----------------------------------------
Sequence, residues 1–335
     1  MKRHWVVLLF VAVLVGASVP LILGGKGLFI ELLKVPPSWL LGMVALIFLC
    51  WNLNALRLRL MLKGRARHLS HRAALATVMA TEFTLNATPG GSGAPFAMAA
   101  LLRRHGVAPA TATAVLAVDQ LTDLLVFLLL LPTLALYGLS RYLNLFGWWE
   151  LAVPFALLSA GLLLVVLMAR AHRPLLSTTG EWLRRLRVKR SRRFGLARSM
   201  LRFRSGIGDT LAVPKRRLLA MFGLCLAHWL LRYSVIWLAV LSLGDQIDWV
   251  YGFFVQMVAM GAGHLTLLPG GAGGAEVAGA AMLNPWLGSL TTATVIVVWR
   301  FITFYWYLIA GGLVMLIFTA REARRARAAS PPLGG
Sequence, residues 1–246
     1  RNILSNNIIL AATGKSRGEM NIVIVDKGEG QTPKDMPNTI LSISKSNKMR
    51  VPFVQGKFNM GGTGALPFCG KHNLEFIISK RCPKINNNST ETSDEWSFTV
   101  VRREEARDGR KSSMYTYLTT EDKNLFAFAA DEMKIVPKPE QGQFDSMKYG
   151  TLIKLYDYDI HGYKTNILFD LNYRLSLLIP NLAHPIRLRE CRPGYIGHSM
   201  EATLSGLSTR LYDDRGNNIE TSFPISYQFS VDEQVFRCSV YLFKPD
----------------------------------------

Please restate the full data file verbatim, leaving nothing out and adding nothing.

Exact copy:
Sequence, residues 1–335
     1  MKRHWVVLLF VAVLVGASVP LILGGKGLFI ELLKVPPSWL LGMVALIFLC
    51  WNLNALRLRL MLKGRARHLS HRAALATVMA TEFTLNATPG GSGAPFAMAA
   101  LLRRHGVAPA TATAVLAVDQ LTDLLVFLLL LPTLALYGLS RYLNLFGWWE
   151  LAVPFALLSA GLLLVVLMAR AHRPLLSTTG EWLRRLRVKR SRRFGLARSM
   201  LRFRSGIGDT LAVPKRRLLA MFGLCLAHWL LRYSVIWLAV LSLGDQIDWV
   251  YGFFVQMVAM GAGHLTLLPG GAGGAEVAGA AMLNPWLGSL TTATVIVVWR
   301  FITFYWYLIA GGLVMLIFTA REARRARAAS PPLGG
Sequence, residues 1–246
     1  RNILSNNIIL AATGKSRGEM NIVIVDKGEG QTPKDMPNTI LSISKSNKMR
    51  VPFVQGKFNM GGTGALPFCG KHNLEFIISK RCPKINNNST ETSDEWSFTV
   101  VRREEARDGR KSSMYTYLTT EDKNLFAFAA DEMKIVPKPE QGQFDSMKYG
   151  TLIKLYDYDI HGYKTNILFD LNYRLSLLIP NLAHPIRLRE CRPGYIGHSM
   201  EATLSGLSTR LYDDRGNNIE TSFPISYQFS VDEQVFRCSV YLFKPD